ARCHIVED - Drinking Water, Wastewater, and Sources of Drinking Water: Summary of Yukon's Regulations

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Introduction

While all provinces and territories have laws governing drinking water and wastewater management, there is no regulatory regime governing the same on First Nation lands. The Safe Drinking Water for First Nations Act (the Act), which came into force on November 1, 2013, allows for the development of federal regulations to close this regulatory gap so that residents on First Nation lands have comparable levels of health and safety protections for drinking water as other Canadians.

Subsections 5(3) and 5(4) of the Act allow for regulations made under this Act to incorporate by reference laws of the province/territory, with adaptations to address the realities on First Nation lands. One set of regulations will be developed for each region, to harmonize as much as possible with each province's/territories' specific mechanisms for regulating water and wastewater.

The purpose of this summary is to present the 11 essential regulatory components under the Act. These components have been identified by AANDC, Health Canada, and the Department of Justice as essential to meeting the Act's objective of protecting public health. The summary maps the 11 essential regulatory components against relevant provincial/territorial acts and regulations. These acts and regulations are under consideration for incorporation into federal regulations to be made under the Act. Feedback provided by First Nation leadership, their technical experts, and other stakeholders on this summary will help inform the drafting of federal regulations for the relevant region.

Disclaimer

This summary has been prepared by a third party. It does not represent the Government of Canada's official position on the content of federal regulations to be developed under the Safe Drinking Water for First Nations Act, nor does it represent any position of the territorial government.

Similarly, in no way should this summary be relied on as constituting legal advice of the Government of Canada, nor does it provide a complete description of the content of the province's drinking water and wastewater regulatory regime. Any errors or inaccuracies are not intentional, and the Government of Canada is not responsible for anything resulting from the reader's use of, or reliance on, these materials.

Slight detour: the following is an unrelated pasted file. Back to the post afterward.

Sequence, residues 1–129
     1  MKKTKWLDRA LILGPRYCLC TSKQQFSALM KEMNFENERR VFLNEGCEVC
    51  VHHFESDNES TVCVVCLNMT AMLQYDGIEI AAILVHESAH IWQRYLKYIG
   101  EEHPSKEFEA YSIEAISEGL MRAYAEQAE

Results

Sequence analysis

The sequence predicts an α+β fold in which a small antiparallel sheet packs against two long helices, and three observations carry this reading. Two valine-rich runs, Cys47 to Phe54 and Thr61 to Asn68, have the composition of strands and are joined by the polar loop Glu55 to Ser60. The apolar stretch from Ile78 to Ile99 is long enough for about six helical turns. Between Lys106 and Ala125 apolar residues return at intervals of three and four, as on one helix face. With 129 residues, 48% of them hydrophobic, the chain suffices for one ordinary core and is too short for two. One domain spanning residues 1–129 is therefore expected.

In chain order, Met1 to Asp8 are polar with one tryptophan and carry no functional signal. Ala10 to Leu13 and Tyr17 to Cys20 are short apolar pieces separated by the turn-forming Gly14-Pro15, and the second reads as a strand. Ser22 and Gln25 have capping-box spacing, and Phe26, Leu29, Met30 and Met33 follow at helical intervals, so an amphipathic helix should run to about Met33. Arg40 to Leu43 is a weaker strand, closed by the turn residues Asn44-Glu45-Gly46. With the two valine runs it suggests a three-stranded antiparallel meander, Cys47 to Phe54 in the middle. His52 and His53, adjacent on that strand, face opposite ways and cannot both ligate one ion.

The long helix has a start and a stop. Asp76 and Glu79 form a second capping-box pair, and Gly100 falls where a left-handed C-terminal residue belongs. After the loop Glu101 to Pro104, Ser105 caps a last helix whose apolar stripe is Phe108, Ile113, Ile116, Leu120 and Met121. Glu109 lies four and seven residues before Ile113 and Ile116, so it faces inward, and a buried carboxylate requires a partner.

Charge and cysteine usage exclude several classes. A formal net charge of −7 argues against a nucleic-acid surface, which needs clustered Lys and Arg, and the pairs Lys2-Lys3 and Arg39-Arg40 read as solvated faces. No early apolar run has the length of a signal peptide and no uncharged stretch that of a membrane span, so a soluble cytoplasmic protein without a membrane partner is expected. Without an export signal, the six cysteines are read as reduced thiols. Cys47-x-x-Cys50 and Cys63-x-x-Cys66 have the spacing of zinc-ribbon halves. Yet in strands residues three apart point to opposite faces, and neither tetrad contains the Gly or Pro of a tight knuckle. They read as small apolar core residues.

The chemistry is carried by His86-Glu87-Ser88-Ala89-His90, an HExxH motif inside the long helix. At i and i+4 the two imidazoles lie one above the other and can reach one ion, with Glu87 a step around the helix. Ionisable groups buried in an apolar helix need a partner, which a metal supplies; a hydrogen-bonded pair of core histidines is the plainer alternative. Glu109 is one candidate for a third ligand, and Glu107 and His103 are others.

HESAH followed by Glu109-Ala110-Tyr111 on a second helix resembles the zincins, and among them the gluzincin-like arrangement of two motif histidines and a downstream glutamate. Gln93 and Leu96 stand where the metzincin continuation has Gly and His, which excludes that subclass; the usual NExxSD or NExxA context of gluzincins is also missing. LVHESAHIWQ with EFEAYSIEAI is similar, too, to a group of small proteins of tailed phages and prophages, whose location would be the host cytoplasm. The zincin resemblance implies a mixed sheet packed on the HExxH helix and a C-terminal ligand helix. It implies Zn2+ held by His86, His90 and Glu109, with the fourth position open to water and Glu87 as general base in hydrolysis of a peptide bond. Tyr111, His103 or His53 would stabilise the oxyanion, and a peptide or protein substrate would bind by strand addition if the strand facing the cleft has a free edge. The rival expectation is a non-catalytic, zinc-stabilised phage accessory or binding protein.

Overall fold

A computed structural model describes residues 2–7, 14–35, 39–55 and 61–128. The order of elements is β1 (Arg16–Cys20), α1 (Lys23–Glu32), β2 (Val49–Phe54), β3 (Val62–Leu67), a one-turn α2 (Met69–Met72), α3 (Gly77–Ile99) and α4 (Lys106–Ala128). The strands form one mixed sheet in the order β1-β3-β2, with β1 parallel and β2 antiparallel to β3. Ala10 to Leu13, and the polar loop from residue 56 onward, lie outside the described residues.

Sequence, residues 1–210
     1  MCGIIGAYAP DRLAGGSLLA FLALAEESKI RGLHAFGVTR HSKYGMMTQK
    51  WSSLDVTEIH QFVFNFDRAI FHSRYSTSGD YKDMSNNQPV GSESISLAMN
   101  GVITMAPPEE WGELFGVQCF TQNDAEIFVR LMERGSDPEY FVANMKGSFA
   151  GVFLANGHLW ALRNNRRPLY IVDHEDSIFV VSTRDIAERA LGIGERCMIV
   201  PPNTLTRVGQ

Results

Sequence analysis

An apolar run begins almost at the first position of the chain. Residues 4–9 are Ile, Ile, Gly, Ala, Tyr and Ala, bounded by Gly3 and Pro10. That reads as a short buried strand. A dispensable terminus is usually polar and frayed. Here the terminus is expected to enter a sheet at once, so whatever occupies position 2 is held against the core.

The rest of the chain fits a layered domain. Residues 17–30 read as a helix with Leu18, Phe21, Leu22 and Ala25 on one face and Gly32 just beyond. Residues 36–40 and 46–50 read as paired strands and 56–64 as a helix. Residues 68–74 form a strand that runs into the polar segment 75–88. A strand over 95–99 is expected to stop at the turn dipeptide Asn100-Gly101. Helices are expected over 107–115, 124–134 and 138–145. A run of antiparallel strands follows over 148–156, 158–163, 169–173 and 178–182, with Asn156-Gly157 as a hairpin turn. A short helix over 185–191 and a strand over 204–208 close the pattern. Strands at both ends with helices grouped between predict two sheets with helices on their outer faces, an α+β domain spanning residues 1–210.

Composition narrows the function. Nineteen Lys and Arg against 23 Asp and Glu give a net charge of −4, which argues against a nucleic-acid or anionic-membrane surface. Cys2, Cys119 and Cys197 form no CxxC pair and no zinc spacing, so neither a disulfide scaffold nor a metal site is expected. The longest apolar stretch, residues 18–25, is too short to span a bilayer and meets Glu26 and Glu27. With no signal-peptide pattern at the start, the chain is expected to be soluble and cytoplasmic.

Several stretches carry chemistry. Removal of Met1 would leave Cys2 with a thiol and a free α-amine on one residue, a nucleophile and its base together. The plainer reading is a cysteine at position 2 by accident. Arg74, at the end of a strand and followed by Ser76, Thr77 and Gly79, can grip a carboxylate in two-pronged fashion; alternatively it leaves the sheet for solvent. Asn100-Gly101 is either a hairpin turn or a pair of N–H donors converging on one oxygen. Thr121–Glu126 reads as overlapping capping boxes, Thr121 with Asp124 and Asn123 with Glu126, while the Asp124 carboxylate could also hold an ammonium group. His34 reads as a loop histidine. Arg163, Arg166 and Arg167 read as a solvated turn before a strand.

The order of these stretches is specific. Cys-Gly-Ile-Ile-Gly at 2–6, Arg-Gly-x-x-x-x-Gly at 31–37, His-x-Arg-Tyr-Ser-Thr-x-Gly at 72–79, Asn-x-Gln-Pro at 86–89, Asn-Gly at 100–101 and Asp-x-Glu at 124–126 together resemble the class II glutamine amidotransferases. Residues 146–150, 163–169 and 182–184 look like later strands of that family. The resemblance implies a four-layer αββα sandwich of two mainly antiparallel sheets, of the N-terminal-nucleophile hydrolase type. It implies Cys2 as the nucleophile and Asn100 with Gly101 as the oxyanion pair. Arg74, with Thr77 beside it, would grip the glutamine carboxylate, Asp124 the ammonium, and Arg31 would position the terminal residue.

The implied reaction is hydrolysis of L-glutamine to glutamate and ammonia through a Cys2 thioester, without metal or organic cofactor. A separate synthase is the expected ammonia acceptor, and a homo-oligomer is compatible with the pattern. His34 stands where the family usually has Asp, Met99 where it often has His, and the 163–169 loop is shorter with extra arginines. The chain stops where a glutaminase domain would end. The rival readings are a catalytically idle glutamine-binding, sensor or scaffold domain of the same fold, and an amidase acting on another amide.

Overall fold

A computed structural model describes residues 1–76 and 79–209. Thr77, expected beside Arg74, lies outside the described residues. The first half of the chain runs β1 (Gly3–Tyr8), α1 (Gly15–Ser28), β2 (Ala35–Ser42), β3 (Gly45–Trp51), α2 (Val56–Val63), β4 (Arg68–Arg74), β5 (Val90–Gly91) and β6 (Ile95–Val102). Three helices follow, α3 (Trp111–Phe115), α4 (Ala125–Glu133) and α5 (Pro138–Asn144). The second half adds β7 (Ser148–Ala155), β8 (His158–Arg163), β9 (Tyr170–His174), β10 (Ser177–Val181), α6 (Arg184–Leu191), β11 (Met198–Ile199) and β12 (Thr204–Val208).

1. Key Essential Regulatory Component: Protecting sources of drinking water

The Safe Drinking Water for First Nations Act, Section 4(1)(b)

Sources of drinking water need to be protected from contamination. Drinking-water sources in particular need to be protected with the view to protecting human health. Regulatory requirements must protect sources of drinking water from potential sources of contamination, such as requiring minimum distances between wells and septic systems.

Territorial Acts and Regulations under Consideration

Rationale:

The Waters Act (SY 2003, c19) ensures that no person deposits waste in any waters.

The Drinking Water Regulation allows a medical officer of health to prepare an assessment and response plan for the water resource in regards to the public drinking water system. It prohibits anyone from introducing any harmful substance into a large public drinking water system or its watershed, ensures that protections exist for drinking water coming from a groundwater source and that wells are capped properly.

The Regulations Respecting Public Health provide for a number of source water protections. The regulations require all wells to be located at least 100 feet from sources of pollution and pipes to be covered and protected.

The Sewage Disposal Systems Regulation requires that any septic or sewage holding tank be located at least 15 m from any potable water source and that no sewage disposal system be within 60 m of any community well.

2. Key Essential Regulatory Component: Location, design, construction, modification, maintenance, operation, and decommissioning of drinking water and wastewater systems

The Safe Drinking Water for First Nations Act, Sections 4(1)(c) and 4(1)(e)

Drinking water systems need to be located, designed, constructed, modified, maintained, and operated in accordance with applicable standards so that the drinking water they produce is safe, clean, and reliable. The same principle applies to wastewater systems. Wastewater needs to be treated effectively. These requirements are typically detailed in permits, sometimes known as approvals. All provincial and territorial governments in Canada require some form of permit for drinking water and wastewater systems.